The largest-ever generation of young people aged 15–24 is now making the transition from childhood to adulthood. Most of them—around 90%—live in developing countries, mostly in Asia and Africa. Achieving urgent global health and development goals will be impossible without determining their needs—particularly those of girls—and setting them on the path to a successful, productive adulthood.
The Council has been a pioneer in this field. Our commitment to research combined with program development and evaluation are providing educational and economic opportunities, as well as appropriate sexual and reproductive health services, so that girls can avoid child marriage, reach their desired family size, and become economically productive.
Learn more about our research and programs that are working to identify, engage, and ultimately improve the lives of young girls in developing countries.
- The Council’s Adolescent Girls Empowerment Program is helping girls stay in school longer, avoid early marriage, delay sexual activity, and prevent unintended pregnancy, HIV, and other STIs.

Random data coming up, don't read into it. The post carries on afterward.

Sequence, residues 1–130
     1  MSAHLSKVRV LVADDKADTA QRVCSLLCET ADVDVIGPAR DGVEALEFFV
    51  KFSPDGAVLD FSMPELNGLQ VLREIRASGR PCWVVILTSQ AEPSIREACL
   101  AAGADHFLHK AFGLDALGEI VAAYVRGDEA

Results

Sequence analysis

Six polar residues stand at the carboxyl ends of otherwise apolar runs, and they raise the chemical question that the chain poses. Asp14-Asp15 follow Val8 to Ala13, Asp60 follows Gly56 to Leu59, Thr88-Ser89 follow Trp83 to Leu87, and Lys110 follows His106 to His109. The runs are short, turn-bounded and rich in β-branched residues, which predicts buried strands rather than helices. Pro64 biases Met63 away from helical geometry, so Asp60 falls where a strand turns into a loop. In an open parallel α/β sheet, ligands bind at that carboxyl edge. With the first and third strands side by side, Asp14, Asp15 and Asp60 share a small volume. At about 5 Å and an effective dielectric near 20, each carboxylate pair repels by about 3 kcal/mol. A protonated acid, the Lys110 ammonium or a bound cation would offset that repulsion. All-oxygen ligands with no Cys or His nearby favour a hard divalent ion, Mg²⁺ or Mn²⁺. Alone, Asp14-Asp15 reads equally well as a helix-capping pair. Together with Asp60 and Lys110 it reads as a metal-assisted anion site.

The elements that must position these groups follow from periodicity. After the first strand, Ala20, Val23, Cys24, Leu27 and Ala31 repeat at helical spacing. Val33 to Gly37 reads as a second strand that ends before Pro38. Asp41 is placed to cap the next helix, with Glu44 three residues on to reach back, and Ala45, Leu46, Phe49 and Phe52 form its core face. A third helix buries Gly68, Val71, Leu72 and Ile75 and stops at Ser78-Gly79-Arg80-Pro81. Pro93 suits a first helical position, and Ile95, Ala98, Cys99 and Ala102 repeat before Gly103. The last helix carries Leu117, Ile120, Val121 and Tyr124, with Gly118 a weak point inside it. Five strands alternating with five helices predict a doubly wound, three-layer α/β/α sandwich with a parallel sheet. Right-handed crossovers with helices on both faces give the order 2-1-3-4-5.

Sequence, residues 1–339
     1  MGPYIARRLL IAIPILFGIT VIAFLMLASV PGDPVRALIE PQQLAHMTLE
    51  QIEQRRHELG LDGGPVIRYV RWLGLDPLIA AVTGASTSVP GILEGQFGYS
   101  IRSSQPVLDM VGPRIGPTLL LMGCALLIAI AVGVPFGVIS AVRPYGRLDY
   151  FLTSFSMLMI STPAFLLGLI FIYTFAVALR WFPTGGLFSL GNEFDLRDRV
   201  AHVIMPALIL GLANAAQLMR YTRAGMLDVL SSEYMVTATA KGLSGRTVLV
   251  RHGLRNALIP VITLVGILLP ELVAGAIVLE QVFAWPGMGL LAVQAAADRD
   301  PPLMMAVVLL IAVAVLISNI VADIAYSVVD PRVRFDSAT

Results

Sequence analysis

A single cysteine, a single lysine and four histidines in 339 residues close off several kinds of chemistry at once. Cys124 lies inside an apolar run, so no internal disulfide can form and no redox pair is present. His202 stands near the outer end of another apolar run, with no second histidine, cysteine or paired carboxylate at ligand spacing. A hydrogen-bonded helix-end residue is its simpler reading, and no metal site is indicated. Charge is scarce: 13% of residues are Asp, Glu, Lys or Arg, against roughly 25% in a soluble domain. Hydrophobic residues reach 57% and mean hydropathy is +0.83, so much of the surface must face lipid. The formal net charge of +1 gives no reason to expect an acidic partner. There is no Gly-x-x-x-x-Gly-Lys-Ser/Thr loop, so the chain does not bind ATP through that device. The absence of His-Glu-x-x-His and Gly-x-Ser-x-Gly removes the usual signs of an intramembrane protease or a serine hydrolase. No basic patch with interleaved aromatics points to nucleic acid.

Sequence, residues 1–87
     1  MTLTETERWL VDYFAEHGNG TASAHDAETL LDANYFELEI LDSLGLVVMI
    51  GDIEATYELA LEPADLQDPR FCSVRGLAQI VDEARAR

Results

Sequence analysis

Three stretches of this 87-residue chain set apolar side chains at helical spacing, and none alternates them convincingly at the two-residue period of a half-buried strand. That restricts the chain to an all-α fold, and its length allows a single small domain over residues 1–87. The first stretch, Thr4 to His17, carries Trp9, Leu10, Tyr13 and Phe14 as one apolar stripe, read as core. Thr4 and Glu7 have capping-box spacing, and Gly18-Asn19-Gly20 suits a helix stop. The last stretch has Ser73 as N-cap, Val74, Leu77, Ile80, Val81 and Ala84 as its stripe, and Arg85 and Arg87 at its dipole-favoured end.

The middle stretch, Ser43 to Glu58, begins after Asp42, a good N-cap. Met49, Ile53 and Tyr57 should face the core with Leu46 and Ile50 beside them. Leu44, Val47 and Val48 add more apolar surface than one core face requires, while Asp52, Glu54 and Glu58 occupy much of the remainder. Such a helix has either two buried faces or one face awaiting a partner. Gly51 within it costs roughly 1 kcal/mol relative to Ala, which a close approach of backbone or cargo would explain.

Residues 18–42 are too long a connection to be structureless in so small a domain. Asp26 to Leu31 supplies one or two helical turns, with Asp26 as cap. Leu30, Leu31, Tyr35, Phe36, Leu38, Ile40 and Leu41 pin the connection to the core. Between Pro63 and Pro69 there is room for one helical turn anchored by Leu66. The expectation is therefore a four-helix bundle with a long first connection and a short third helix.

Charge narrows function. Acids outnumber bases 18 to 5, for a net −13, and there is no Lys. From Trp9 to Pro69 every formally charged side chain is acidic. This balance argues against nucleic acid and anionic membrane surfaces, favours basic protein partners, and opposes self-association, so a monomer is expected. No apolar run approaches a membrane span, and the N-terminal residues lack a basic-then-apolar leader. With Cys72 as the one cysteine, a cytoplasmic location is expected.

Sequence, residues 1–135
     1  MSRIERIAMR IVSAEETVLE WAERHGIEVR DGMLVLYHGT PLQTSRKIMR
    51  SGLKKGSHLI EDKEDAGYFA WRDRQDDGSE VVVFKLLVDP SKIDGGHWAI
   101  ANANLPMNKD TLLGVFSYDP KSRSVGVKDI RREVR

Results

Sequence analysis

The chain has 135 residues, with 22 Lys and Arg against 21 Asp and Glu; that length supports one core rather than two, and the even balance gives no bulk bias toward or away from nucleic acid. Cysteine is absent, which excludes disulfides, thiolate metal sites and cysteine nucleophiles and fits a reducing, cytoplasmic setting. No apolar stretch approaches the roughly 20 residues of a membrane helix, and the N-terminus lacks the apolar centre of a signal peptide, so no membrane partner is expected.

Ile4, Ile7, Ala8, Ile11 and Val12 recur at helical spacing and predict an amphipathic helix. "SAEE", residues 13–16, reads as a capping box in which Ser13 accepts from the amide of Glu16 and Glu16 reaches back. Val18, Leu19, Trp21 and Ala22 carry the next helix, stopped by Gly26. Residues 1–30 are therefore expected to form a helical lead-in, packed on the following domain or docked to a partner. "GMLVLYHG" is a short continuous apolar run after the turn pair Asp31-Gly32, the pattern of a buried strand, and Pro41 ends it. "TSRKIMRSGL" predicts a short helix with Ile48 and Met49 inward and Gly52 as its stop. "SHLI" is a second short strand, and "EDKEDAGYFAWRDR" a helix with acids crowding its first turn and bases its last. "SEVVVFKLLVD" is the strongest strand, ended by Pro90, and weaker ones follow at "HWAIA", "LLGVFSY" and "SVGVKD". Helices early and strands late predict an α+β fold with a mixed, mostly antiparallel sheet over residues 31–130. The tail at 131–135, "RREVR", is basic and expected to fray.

- Working with partners in Burkina Faso, Ethiopia, and Tanzania, the Council is developing and evaluating cost-effective, sustainable approaches to delaying marriage in child marriage “hotspots” in East Africa.
- The Council and UNFPA published Capturing the Demographic Dividend in Pakistan, which calls for investments in education—particularly girls’ primary education; family planning; and job creation to enhance economic growth.
- The Council published The Unfinished Agenda to Meet FP2020 Goals: 12 Actions to Fill Critical Evidence Gaps, continuing its leadership in the global effort to provide 120 million more women and girls with access to voluntary family planning information, contraceptives, and services by 2020.